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FAITH: Judges 19

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There are so many lessons in this chapter. First, the concubine/wife was unfaithful to her husband. Other translations say she played the "harlot."  Second, she ran to her father, its suggested that he had been allowing her wild ways for a long time because she knew she could run back to him and he would accept her instead of urging her to make things work with her husband, back at home.

The fact that her husband traveled to her to forgive her and woo her back shows that he's at least a decent man and that he doesn't intend for her to be punished over her marital transgressions like the law would allow.

The Levite was at first, trying to do the decent thing. At first, he chose to forgive his wife and keep her from an adulteress' punishment of death but in Gibeah, he went forth with her punishment not because he wanted her to be punished, but he valued his life and safety more than hers.  The Levite fell short in being a just man.  The lesson I got from him is that most people want to be just - only when it's easy.  When it takes personal sacrifice, most people won't fight for the right thing to do.  The Levite should have kept his wife hidden away in the house and called out to the Lord to ask for safety -  all while preparing to fight evil.

The father in law wanted his daughter and son in law to stay longer and longer, which is understandable, but we should allow our guests to depart when they feel it's time because the father in law messed things up for the Levite.  In that the Levite, his wife, and his servant had limited options when it came time to lodge.  I think he was trying to delay their departure because he wanted to make sure everything was reconciled with his son in law and that the Levite wasn't going to pursue the adulteress' punishment for his daughter.  Also, I think the father in law had kind of selfish intentions and wasn't trusting that the Lord was inspiring this reconciliation. As a host, he should have allowed his guests to leave when they felt inclined to leave.

The Levite wanted to lodge amongst brethren, but this was a bad choice in that a lot of the men in Gibeah had debased minds.  The Levite probably would have been safer in the heathen town in which the servant suggested they stay.  Honestly, sometimes I've felt safer around unbelievers because I've found that some of the believers that I was around to be harsh, judgmental, and legalistic.  As Christians, we need to make it a point to be the people who love with a godly love.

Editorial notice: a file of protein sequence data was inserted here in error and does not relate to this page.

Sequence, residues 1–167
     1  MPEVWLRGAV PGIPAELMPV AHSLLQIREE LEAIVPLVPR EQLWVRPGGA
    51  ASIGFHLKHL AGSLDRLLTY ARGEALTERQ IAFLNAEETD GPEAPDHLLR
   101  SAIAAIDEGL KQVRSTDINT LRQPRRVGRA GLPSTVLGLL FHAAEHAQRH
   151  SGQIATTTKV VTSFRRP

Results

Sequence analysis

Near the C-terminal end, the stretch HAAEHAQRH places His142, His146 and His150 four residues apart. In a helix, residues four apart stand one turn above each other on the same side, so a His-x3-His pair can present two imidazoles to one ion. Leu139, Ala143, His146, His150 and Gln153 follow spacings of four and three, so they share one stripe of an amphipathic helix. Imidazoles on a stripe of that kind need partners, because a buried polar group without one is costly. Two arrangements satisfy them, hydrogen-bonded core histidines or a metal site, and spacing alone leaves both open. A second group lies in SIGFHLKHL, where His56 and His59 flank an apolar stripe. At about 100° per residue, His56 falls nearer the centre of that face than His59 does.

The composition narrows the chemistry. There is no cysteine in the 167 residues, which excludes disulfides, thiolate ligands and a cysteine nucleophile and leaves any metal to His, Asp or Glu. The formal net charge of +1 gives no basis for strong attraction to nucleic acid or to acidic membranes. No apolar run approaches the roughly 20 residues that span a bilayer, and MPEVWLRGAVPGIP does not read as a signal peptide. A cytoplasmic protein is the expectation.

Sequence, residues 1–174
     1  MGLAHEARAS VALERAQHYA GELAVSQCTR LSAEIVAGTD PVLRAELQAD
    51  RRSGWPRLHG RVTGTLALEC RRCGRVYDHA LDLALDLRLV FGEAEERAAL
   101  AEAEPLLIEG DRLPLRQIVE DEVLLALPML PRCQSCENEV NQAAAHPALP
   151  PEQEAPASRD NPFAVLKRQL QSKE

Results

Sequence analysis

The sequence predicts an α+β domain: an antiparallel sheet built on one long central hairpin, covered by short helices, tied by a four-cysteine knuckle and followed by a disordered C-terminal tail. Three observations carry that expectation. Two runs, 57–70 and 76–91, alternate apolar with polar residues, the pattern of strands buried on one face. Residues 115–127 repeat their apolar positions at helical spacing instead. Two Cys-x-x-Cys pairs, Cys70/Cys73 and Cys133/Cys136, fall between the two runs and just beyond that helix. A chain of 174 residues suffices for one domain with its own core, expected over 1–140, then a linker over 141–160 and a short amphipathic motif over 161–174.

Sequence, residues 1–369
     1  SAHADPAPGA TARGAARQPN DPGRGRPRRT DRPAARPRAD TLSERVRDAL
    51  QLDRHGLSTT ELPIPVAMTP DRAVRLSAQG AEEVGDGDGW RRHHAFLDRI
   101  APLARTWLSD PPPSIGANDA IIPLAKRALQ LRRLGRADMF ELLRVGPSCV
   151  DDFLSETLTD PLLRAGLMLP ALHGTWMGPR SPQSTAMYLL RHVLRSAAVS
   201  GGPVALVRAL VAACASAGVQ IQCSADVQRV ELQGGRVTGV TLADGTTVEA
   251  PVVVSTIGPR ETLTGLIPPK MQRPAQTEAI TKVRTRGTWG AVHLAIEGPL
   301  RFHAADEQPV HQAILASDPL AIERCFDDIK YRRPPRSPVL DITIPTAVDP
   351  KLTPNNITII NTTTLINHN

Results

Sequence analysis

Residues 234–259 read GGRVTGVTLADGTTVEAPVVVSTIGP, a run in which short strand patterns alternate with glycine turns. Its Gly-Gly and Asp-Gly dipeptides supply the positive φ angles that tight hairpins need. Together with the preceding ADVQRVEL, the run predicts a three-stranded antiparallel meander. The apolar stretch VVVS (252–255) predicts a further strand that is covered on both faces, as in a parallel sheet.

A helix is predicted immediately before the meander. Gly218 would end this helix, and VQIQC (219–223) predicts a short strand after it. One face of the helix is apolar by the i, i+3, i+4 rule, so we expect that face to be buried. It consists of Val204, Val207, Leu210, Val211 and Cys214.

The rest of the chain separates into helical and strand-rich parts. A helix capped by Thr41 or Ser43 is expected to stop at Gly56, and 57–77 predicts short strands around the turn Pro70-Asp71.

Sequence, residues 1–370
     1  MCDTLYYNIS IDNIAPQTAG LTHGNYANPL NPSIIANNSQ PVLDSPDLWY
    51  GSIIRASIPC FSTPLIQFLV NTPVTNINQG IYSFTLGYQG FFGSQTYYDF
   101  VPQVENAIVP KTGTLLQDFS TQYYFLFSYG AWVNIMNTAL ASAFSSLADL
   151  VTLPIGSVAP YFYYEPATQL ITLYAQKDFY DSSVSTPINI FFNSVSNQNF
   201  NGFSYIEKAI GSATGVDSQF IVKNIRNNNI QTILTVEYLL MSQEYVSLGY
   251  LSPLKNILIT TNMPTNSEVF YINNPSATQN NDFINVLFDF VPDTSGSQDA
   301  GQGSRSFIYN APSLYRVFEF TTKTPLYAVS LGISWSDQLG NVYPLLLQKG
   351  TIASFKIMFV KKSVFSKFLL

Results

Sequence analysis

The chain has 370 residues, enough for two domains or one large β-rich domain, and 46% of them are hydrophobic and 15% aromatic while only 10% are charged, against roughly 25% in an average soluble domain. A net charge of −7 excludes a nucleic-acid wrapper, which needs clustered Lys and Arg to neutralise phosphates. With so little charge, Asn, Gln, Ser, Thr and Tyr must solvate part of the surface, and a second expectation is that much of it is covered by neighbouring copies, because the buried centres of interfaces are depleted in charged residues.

The old man of Ephriam had a place in Gibeah, most likely because he did lots of business there on account of having nearby fields.  He was godly - he wished safety on these travelers and was the only one to offer them a place to stay.  Also, Sodom and Gomorrah met their demise nearby and within this old man's lifetime so we know that he knows what happened there.  This old man looked up to Lot as a godly man.  But as Matthew Henry points out, oftentimes when we try to emulate godly people, we tend to emulate their good choices as well as bad (in this case, offering up the women in his house to the evil men just like Lot did).  We must look up to God, alone and only try to emulate Jesus.  He's the only perfect one.

An interesting point of Matthew Henry's, is that the evil men chose to defile the concubine but didn't want the virgin daughter.  It's likely the daughter was rejected for defilement because she had a reputation within this town of being kind to everyone and/or she was always modestly dressed.  Henry also points out that it's likely the concubine was still dressing like a harlot at this time and perhaps this is why the townsmen accepted her for defilement and didn't want anything to do with the old man's daughter.  As women, we must always consider that our bodies are temples of the Holy Spirit and that modest dress is very important for many reasons.  A rapist is totally at fault, but let's do our best not to attract/entice these evil types with our clothing choices.

Phew! I could go on and on about this chapter, but I have to stop here.  Would you like to add or discuss?  Please leave a comment!

So many lessons in this sad story.  Let's press close to the Lord today and be thankful for His love, wisdom, and protection.

Thank you for reading.  Jesus loves YOU.
 -Alyssa



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